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Tweets of the Trade: Why Twitter is cultural organisations’ new best friend

  • Date: 25 October 2011
  • Area: South East
blue twitter bird

Since its launch in 2007, Twitter’s popularity has grown, with arts and cultural organisations harnessing this social media tool to connect with audiences.

Twitter offers you 140 characters per message, is completely free to use, and boasts 200 million users. However, time poor organisations may be put off by the potential time it takes to maintain and the intrepid may not know how to get started – or what to tweet about.

To help demystify Twitter, we talked to three different organisations about their experiences of using the site– how long they’ve been using it, what works, what doesn’t work and what tips they’d give for new users.

Sara Dewsbery is the Press and Marketing Officer at Arts Council England regularly funded organisation Modern Art Oxford. The gallery (@mao_gallery) started using Twitter in March 2010.

Sara says, ‘I'm still trying to get my head around Twitter. I wish I had spare hours to look properly at what's going on out there and really utilise retweeting, joining in and starting up conversation topics. It could be a full time job for someone!

‘I tend to use Twitter as a marketing tool - to promote our events, raise the profile of the gallery and programme, and circulate press reviews. We've gone from 726 followers (2010) to 2,669 followers (2011) - ok, so not as many as Lady Gaga (@LadyGaga), who has over 14 million followers, but you've got to start somewhere.

‘The most exciting event tweet-wise was last summer when Guardian travel journalist Benji Lanyado (@benjilanyado) was on one of his TwiTrips and sent a request to the Twittersphere for ideas of where to visit in Oxford. I tweeted and persuaded him to come to the gallery and he mentioned us in his article.’

Lisa Wood is the Marketing and Digital Media Officer for Arts Council England regularly funded organisation Oxford Playhouse. The theatre (@OxfordPlayhouse) set up their Twitter account in August 2008 and to date has 5,527 followers.

Lisa says: ‘Twitter is a vital part of our digital marketing strategy at Oxford Playhouse, and it’s a fun part too! It’s a fantastic, and surprisingly personal, way of interacting with audiences. We encourage audiences to send us Twitter reviews of shows they have seen here, as well as talk to them about what’s coming up and how they can get involved. It’s also really useful for answering quick questions people have before they visit us.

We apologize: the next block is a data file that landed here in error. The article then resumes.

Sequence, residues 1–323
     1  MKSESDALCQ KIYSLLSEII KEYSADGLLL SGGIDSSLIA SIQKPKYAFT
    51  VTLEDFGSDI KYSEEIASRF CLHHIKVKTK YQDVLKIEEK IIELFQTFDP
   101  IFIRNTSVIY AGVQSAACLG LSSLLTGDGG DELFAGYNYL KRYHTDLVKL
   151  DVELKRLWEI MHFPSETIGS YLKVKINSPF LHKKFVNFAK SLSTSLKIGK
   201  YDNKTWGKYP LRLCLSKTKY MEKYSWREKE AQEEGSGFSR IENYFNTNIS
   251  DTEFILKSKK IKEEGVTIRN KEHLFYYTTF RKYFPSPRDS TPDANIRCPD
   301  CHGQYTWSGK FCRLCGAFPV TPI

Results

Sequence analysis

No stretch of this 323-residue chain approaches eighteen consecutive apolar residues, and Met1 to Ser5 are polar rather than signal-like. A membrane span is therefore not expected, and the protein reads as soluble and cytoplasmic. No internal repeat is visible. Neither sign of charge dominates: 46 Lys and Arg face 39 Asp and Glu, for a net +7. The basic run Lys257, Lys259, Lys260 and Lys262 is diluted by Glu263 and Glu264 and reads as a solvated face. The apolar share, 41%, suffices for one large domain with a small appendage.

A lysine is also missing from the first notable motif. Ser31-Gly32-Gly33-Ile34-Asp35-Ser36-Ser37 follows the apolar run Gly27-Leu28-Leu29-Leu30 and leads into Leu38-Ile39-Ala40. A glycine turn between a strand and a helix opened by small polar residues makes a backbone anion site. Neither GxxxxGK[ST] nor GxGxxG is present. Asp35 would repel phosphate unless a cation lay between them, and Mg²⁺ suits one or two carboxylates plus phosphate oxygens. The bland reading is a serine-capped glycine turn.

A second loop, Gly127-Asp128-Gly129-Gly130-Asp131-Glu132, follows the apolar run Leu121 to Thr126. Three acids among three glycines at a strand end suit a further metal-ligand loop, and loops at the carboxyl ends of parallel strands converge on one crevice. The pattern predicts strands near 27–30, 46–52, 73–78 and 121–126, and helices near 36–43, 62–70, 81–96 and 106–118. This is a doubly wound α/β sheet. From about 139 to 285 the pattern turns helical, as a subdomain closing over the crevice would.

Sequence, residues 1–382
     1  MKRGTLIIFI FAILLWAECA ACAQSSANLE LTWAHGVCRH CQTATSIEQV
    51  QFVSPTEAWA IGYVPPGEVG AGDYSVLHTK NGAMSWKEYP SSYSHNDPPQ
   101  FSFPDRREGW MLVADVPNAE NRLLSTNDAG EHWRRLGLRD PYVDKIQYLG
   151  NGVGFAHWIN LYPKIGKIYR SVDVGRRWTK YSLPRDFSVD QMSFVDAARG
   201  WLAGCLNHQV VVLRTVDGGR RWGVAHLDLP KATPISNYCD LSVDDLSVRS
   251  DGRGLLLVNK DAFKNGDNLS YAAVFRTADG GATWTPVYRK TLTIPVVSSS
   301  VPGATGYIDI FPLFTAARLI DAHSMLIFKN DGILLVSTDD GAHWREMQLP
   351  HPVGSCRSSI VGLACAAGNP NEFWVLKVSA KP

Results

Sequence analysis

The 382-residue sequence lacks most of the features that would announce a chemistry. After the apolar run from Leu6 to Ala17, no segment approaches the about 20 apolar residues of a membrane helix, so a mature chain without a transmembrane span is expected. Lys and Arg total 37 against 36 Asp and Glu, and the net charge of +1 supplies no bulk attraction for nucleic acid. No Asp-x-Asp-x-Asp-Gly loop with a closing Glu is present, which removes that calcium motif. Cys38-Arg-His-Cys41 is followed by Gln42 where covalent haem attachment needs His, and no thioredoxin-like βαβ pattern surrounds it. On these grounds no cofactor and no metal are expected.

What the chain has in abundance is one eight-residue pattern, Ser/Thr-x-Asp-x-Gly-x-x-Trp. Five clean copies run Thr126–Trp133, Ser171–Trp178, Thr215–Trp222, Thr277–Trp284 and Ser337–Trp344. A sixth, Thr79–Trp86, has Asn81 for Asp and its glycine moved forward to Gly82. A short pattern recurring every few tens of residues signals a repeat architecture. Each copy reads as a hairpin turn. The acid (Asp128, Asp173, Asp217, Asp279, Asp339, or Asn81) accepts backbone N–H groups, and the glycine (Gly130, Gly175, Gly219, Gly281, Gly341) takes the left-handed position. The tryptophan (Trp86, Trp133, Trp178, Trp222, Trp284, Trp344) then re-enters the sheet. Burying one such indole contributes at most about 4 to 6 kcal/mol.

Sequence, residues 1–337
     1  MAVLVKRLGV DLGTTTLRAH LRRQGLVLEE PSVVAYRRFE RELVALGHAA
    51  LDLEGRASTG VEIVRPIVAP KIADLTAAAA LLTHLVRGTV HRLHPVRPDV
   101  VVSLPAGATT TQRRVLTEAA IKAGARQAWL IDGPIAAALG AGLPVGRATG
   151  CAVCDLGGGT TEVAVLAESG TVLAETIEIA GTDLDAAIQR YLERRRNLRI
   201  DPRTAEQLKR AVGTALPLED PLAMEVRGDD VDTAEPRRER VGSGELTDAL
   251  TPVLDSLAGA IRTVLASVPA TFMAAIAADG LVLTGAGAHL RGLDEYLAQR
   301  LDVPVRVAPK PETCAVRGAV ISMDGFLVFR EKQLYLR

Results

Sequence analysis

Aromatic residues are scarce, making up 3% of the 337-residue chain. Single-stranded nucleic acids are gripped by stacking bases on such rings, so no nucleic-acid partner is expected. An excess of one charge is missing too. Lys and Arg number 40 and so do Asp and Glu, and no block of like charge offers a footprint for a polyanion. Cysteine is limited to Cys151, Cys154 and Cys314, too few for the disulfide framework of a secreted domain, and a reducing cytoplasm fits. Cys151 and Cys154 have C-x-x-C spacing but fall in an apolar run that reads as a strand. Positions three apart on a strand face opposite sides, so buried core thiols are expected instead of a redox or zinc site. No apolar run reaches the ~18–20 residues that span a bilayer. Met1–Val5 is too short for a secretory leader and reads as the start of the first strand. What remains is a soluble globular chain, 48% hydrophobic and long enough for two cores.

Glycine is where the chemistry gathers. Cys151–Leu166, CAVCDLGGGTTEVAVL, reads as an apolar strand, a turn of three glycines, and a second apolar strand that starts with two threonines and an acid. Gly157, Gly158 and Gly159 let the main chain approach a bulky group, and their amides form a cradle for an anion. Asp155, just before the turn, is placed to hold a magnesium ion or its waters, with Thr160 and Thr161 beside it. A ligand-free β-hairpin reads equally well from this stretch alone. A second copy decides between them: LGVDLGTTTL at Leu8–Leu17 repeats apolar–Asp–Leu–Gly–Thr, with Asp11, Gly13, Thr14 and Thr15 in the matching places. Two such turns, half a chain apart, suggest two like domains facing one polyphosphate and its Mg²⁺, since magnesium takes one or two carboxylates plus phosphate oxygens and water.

‘In my personal experience, it doesn’t pay to be too formal with your Twitter language. I find we get less retweets and replies when we send out the more formal ‘coming up’ tweets. It helps to send out questions or invite comments from followers.

Kevin Bacon is the Digital Development Officer for The Royal Pavilion and Museums in Brighton & Hove, which includes The Royal Pavilion, Brighton Museum, Hove Museum, the Booth Museum and Preston Manor.

The museum (@BrightonMuseums) started using Twitter in November 2010 and has 2079 followers. 

Kevin says: ‘In terms of making us a more responsive organisation, Twitter is great. I've always felt that the physical and intellectual architecture of museums has made two-way conversation difficult with audiences, and Twitter is one way of addressing that.

‘What works best for us is reactive content: where we respond to trending topics, individual comments, or what's going on in the news. A few weeks ago, I noticed a lot of people were commenting on #BHSheep, a hashtag used by Brighton & Hove City Council (@BrightonHoveCC) for those monitoring its conservation grazing programme. Looking at our collections, we had over 420 objects relating to sheep, from toys to photographs to ceramics. It was a good excuse to make people aware of some of these collections. We had some great feedback, including a short piece on our social media activity by a local online magazine. Plus, it was a very good excuse for some 'baad' jokes.

‘Because Twitter presents so much scope for participation, it's easy to assume that everyone wants to get involved. You can sometimes ask users a question or invite them to take part in an activity, and you may find that you get a lot of passive interest but no engagement.’

Tips for new Twitter users

Lisa Wood, Marketing and Digital Media Officer, Oxford Playhouse:

  • ‘Don’t get disheartened with it. Although Twitter is an instant platform, like everything, it takes time to build up a loyal following.'
  • ‘Use the ‘search’ function. Follow people with similar interests or that live nearby and don’t be afraid to follow people who are already following venues, companies or artists similar to you.'
  • ‘Use interesting and relevant hashtags (#) in your tweets, and you will soon find you are gaining new followers every day!'
  • ‘One top tip: ensure you turn off the notification settings that e-mail you every time someone starts following you or replies to you directly – it’ll drive you mad otherwise and fill up your inbox!’

Kevin Bacon, Digital Development Officer, The Royal Pavilion and Museums:

  • ‘Never forget what you do, why you're doing it, and what audiences you wish to engage with it.'
  • 'Remember that Twitter's a giant conversation, and the rules of everyday conversation still apply: be responsive, be respectful, and be interesting.'
  • ‘If people are talking about a subject, what's your take on it? Can you say more about the history, depictions, or issues involved?'
  • ‘Finally, be cautious of advice from social media experts. A lot of it is good stuff, but you need to find your own voice, and what works for you and your audience. There is a tendency for some advice to be handed out like tablets of stone - that applies to me too.’